I’ll even throw in a few choice NOS parts from my stash of goodies at no extra charge.  If need be, I’ll show up at your house and detail your car if that’s what it takes to make a sale.

As soon as I add up what I’ve spent, there will be an announcement on WoS.


Next Time:

In Part 3, I’ll present a cost breakdown, so you can decide if the Aikido as I’ve built it will fit your budget.  I’ll also have the drawings ready (sketches really), that will enable you to take the bits and pieces of an eBay-sourced chassis to a local tool and die shop for machining.

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5 Comments on Battle of the Cheap Line Stages – Part 2

  1. Ron Urquhart // 2016/11/03 at 10:08 pm // Reply

    I’ve really been enjoying this series/write-up. I’m very much looking forward to the (promised) details about your experiences building the Aikido.

    I’ve been a DIY fanboy for a while now, and despite my research & some discussions, I don’t have any build(s) of my own to boast about (that’s actually getting a little embarrassing for me!). I’m finding that information about “basics” like – chassis layout that minimizes noise; testing the circuit; internal wiring; etc. are not typically covered in the DIY forums. So for myself, at least, I would hope that you’re going to touch on those matters (or provide links).

    In any case, I’m looking forward to the next installment.

  2. James Hill // 2017/11/10 at 7:46 pm // Reply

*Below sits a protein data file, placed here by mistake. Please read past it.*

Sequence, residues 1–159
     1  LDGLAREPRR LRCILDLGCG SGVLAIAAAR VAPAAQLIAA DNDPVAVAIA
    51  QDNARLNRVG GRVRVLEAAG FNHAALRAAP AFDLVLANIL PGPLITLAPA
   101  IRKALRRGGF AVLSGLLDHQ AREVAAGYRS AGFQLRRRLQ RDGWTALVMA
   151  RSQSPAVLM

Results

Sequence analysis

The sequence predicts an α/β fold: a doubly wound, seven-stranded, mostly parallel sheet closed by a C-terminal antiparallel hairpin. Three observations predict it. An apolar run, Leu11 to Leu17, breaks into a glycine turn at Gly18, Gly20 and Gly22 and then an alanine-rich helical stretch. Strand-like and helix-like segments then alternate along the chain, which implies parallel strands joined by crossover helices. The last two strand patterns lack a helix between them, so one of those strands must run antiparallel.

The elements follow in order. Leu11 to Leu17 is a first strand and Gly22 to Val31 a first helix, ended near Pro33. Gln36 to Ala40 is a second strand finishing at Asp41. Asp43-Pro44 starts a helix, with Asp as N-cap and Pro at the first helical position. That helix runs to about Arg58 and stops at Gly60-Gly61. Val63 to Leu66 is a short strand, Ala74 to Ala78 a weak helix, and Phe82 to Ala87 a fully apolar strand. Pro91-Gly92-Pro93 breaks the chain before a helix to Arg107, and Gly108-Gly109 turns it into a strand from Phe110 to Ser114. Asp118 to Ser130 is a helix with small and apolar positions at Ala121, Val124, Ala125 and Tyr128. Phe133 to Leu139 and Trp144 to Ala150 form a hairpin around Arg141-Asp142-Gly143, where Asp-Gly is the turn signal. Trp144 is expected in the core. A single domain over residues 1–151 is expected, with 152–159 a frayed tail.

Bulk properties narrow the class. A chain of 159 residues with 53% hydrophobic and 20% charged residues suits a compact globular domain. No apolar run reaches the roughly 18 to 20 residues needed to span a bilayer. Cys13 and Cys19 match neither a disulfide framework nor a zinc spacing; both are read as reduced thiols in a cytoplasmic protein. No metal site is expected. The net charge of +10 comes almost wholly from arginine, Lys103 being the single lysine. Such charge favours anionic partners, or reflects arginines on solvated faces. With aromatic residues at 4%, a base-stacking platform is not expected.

I find this fascinating – who would imagine the humble buffers would/could be so tricky

  3. Steve Graham // 2017/11/13 at 11:43 am // Reply

    Thank you for your comment and interest in Wall of Sound. The Aikido circuit may be humble but like most it needs proper implementation (see part 1 of the series). If you are tempted to try DIY the Aikido line stage as done by John Broskie, aka Mr., is an excellent way to start. If you follow the plans laid out in parts 3 and 4 of the series I can virtually guarantee success.

    The fellow that bought the first N-F-P is in the process of building an all out Aikido line stage with regulated power supplies and fancy parts. He’s that enamoured of the sound of the “baby” Aikido.

    Regards, Steve Graham

  4. Earl Price // 2020/02/13 at 3:58 pm // Reply

    Great article, Am wondering if you’ve had time to try and if possible recommend any of the other Asian offerings.
    Looking forward to reading your next write up.

  5. Steve Graham // 2020/02/15 at 10:17 am // Reply

    Thank you for your comment Mr. Price. Other than an Elekit (no write up from me but reviewed by Noam) and a SunValley a month or so ago, both recommendable, I haven’t tried any more Asian offerings from eBay or elsewhere. Once burned….. There’s a reason they sell for less. As Meatloaf said (or words to this effect), “You won’t find a Coupe Deville at the bottom of a Cracker Jack box.”
    Regards, Steve Graham